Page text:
Monday, August 06, 2012

Parent rights at what cost?

Recently, I've read two memoirs by adults who wished they had been taken away from their parents. One was Jeanette Wall's The Glass Castle, and I'm currently reading Daphne Scholinski's The Last Time I Wore a Dress.

Walls describes a childhood with two charming intellectual parents who just didn't prioritize things like groceries or heating fuel. At one point the child welfare people came to investigate, but Walls was able to head them off, terrified that she will be separated not from from her parents, but from her siblings.

Scholinski spent much of her adolescence in psychiatric hospitals for oppositional defiant disorder, which both she and the hospitals chalked up to her chaotic and affectionless family life. She describes her feelings upon being hospitalized:

"I didn't let on but part of me kind of wanted to go. Any place had to feel safer than home. Over the summer my father had sat on me, his knees on my shoulders, and poked me in the chest while I tried furiously to kick him, to get him off so I could breathe . . . I guess if I felt anything riding up the elevator to the third floor if Michael Reese, it was a stab of hope."

I realize these are extreme cases, but I wonder how many such cases are out there.

The social workers and judges who make these decision have two responsibilities. First, they must protect the health and safety of the child. Second, they must try to keep families intact. Those things don't always combine well.

I've heard parents say their children were taken away for no good reason. (Of course, they're free to say they weren't abusing or neglecting their kids, and if the Department of Children and Families has evidence to the contrary, they're not allowed to release it to the public.) And yes, I know there have been abuses of the system, especially against Native American families. Probably there still are incompetent or biased social workers taking kids away from families who could have cared for them if they had been properly referred for housing assistance, food stamps, etc. And yes, there is a shortage of those resources that may make the difference between being able to care for your kids and not.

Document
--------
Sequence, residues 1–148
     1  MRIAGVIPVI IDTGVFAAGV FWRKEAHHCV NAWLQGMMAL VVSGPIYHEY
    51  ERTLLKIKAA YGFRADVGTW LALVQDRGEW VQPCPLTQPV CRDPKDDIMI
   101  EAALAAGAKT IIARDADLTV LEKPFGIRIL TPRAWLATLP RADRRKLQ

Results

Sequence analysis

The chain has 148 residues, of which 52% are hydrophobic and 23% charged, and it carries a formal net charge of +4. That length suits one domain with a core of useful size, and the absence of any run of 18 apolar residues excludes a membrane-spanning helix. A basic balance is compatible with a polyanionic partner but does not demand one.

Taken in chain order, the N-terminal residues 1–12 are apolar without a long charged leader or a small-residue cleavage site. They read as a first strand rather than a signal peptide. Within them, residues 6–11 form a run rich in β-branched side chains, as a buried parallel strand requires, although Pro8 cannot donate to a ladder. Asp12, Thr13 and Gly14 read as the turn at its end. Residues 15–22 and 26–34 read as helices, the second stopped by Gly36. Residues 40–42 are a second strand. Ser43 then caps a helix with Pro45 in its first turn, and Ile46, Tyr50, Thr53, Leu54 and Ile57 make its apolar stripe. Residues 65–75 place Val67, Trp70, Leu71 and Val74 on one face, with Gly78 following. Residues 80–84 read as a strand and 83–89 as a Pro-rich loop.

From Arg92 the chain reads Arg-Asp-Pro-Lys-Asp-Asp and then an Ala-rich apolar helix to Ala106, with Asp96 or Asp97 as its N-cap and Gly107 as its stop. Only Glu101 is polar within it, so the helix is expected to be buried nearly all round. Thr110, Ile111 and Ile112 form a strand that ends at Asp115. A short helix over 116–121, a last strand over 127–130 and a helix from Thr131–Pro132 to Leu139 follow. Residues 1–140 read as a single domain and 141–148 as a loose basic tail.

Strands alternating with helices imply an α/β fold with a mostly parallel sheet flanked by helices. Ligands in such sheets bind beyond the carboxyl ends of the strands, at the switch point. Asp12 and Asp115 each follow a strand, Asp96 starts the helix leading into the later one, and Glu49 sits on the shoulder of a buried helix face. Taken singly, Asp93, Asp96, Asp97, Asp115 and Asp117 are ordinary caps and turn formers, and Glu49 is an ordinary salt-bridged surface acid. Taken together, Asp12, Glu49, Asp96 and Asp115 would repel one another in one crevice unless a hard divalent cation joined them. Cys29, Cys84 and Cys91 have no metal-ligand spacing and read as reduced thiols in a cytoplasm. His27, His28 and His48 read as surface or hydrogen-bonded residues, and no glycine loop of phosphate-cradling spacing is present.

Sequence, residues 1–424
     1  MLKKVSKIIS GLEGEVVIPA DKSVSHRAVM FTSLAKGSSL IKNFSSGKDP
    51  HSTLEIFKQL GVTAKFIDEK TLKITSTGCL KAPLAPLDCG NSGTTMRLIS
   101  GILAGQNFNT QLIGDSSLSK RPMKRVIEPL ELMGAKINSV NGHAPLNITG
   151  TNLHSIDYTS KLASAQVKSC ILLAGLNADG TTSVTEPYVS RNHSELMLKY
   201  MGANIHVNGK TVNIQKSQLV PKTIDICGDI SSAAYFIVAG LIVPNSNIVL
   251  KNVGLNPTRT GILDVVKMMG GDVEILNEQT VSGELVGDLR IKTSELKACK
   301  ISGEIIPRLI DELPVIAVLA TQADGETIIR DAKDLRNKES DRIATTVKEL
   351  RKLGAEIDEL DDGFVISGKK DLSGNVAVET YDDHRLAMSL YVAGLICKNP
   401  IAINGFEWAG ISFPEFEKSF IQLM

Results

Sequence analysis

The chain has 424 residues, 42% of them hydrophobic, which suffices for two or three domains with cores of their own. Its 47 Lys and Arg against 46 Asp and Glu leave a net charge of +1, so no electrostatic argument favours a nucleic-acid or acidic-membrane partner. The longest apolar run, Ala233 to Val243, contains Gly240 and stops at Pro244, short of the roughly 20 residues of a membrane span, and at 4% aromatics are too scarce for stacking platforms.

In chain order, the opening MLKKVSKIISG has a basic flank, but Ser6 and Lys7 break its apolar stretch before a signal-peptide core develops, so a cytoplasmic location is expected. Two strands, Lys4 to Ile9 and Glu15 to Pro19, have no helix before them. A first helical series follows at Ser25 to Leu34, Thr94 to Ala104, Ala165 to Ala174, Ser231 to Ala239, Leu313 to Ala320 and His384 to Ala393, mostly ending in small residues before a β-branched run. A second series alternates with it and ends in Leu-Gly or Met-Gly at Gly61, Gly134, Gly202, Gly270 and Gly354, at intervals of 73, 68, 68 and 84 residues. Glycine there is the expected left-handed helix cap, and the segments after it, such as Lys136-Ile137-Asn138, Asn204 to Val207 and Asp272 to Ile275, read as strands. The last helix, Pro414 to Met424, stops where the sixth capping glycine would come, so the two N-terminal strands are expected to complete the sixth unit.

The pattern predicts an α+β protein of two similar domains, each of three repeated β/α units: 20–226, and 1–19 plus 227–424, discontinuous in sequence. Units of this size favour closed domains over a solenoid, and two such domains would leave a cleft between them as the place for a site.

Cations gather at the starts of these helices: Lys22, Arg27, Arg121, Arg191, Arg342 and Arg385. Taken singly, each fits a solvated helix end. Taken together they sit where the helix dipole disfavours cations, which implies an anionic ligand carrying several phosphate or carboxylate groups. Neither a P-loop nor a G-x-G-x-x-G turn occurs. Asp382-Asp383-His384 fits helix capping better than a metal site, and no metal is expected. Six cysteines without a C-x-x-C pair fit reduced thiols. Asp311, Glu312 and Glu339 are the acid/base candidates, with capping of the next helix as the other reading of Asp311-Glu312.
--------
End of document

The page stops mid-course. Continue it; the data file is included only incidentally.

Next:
But I've also heard social workers say they think the system is too permissive, that birth families are sometimes given too many chances, that children are moved from foster care back to the home too many times before parental rights are terminated. By the time the kids have spent a few years bouncing between homes, they're too old to be easily adoptable and have endured too many disrupted attachments.

Parents have a legal right to their children, unless they really screw up. Children need families, and in most cases their original parents are the best people to raise them. But in the cases where that's not true, I'm not so keen on protecting parental rights at the expense of the children.

I wonder what an outcome-based rather than rights-based approach to this would look like.

Children seldom say they want to be separated from their parents at the time, because children cling to the only supports they know. But once they're grown? I'd love to see a study that asks adults:

Did your parents lose custody of you?
1) No, and it was the right decision
2) No, but I wish they had
3) Yes, and it was the right decision
4) Yes, but I wish they hadn't

I don't know what results we would get, but it would be a good tool for knowing if our policy is tipping too much in one direction or another.

1 comment:

Boris Yakubchik said...

Re: potential study with questions about parents losing custody & value of the decision

While a picture may emerge from having people answer these types of questions, it would be hard to know how much to rely on the results: people are bad at evaluating what could have been (people are bad at affective forecasting). It's an important question to ask about none-the-less, it's just that it would be very hard to know even if people answer honestly.